The burial mask of Egyptian Pharaoh Tutankhamun is shown during the 'Tutanchamun - Sein Grab und die Schaetze' Exhibition Preview at Kleine Olympiahalle on April 2, 2015 in Munich, Germany.
Hannes Magerstaedt/Getty Images
January 24, 2016 3:43 PM EST

Eight Egyptian museum employees face trial over the botched repair of King Tutankhamun’s mask, prosecutors said Sunday.

The workers will be charged with “gross negligence” after they allegedly scratched the 3,300-year-old golden burial mask of Egypt’s most famous pharaoh while trying to repair it in 2014, according to the Guardian.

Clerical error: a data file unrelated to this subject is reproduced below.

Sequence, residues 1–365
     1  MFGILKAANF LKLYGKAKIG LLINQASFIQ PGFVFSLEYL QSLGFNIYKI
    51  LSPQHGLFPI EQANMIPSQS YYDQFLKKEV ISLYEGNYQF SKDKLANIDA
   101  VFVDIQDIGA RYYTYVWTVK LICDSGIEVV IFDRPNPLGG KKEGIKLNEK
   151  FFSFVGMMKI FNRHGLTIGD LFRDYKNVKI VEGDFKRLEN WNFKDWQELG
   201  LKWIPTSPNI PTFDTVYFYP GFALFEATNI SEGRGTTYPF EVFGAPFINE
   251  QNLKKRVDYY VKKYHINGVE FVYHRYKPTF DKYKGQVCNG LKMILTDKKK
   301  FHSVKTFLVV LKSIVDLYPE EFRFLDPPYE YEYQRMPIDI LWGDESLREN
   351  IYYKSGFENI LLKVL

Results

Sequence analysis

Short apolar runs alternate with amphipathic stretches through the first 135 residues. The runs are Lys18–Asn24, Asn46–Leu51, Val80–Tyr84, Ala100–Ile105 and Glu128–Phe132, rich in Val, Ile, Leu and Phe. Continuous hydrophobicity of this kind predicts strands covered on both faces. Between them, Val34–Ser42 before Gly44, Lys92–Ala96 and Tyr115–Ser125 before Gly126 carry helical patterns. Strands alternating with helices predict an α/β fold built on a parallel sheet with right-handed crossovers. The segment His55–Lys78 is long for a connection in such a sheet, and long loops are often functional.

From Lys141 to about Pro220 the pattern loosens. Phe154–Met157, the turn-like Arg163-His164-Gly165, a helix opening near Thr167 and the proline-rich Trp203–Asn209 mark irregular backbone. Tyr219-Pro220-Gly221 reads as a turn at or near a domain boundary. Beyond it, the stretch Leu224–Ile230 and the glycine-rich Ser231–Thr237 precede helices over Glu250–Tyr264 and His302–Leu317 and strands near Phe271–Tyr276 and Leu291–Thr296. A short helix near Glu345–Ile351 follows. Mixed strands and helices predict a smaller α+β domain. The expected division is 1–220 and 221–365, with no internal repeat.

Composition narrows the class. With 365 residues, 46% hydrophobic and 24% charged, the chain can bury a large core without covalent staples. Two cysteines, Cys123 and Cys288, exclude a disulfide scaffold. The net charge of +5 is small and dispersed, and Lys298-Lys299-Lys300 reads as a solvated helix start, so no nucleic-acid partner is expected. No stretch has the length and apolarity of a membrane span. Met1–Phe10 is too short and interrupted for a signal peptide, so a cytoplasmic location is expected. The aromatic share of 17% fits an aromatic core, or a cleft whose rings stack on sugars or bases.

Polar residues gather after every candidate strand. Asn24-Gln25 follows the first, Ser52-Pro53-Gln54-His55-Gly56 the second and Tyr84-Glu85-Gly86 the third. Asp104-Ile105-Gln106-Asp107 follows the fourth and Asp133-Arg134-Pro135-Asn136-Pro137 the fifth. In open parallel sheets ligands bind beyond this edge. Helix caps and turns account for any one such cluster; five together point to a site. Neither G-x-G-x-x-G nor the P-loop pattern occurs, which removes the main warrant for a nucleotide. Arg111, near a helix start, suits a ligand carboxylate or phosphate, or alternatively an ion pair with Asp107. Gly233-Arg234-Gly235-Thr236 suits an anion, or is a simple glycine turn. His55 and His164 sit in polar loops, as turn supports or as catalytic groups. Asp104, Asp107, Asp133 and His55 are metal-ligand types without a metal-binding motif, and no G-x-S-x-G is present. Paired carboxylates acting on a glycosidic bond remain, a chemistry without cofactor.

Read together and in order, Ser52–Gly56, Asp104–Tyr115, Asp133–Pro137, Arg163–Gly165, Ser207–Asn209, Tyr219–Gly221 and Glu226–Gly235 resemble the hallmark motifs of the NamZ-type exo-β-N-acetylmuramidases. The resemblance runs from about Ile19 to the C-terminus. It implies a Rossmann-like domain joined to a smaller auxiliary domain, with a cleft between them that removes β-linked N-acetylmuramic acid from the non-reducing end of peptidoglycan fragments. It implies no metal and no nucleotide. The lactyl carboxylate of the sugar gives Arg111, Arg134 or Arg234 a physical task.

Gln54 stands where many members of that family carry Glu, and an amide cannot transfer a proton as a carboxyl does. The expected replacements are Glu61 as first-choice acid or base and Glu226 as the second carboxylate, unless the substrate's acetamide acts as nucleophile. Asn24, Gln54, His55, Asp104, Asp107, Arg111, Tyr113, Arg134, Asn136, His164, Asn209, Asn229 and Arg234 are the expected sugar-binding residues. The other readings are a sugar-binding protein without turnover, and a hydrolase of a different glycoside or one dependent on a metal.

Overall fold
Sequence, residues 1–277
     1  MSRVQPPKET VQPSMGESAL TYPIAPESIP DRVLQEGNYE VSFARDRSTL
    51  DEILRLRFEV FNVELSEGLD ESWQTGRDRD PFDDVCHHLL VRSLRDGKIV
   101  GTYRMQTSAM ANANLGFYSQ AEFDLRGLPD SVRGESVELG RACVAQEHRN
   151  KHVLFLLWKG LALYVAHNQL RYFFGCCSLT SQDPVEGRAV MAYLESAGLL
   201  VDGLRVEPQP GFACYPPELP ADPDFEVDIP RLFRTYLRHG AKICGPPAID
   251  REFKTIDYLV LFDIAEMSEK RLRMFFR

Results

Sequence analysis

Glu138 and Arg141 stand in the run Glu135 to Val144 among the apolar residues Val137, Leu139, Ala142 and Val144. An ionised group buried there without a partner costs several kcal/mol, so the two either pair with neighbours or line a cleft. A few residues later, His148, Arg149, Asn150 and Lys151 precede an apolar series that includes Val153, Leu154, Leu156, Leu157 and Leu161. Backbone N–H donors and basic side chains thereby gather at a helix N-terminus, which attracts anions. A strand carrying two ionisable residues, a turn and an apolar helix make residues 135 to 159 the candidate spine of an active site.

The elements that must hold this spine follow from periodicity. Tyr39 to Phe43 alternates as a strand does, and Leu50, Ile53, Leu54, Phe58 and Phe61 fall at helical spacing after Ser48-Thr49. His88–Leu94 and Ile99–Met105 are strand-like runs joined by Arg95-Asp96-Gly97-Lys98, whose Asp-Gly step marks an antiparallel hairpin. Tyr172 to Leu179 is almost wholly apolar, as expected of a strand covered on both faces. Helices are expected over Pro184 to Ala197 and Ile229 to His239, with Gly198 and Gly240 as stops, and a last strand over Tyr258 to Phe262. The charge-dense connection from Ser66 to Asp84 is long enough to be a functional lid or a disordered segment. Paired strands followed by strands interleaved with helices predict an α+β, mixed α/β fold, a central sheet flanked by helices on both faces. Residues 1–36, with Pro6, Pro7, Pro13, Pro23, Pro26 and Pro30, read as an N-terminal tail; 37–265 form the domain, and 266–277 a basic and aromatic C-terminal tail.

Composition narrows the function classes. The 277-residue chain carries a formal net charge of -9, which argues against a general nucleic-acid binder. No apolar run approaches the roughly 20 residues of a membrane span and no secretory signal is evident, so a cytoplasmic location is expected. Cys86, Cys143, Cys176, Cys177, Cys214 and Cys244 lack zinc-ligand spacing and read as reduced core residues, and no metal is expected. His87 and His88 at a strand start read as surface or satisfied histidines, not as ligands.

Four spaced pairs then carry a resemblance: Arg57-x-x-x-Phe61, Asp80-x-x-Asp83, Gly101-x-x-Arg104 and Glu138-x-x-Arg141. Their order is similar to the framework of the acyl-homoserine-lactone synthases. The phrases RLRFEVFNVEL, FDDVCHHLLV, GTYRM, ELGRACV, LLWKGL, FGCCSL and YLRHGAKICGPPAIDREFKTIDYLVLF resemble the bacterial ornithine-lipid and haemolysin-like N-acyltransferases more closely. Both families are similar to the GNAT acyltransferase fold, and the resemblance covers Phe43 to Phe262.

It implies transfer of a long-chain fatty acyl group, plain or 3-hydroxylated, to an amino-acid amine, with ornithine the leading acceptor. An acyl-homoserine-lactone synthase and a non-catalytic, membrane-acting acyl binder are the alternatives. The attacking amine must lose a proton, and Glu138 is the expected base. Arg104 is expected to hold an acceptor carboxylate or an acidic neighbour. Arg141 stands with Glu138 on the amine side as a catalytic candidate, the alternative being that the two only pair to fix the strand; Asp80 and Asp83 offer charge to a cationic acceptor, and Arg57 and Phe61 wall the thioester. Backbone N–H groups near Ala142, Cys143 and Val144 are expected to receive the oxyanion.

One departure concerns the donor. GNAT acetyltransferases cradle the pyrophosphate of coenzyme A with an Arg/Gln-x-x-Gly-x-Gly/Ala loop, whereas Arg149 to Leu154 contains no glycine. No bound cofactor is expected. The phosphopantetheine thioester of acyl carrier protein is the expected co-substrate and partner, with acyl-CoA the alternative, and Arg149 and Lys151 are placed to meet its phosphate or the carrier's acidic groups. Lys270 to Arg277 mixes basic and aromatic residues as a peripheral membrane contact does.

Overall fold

The beard on the mask was accidentally knocked off and was then glued back on with epoxy, prosecutors said in a statement. “In an attempt to cover up the damage they inflicted, they used sharp instruments such as scalpels and metal tools to remove traces of adhesive on the mask, causing damage and scratches that remain,” the statement said, according to the Guardian.

The eight employees, including the then-head of the Egyptian Museum, each face fines and disciplinary measures, including dismissal, the Guardian reports.


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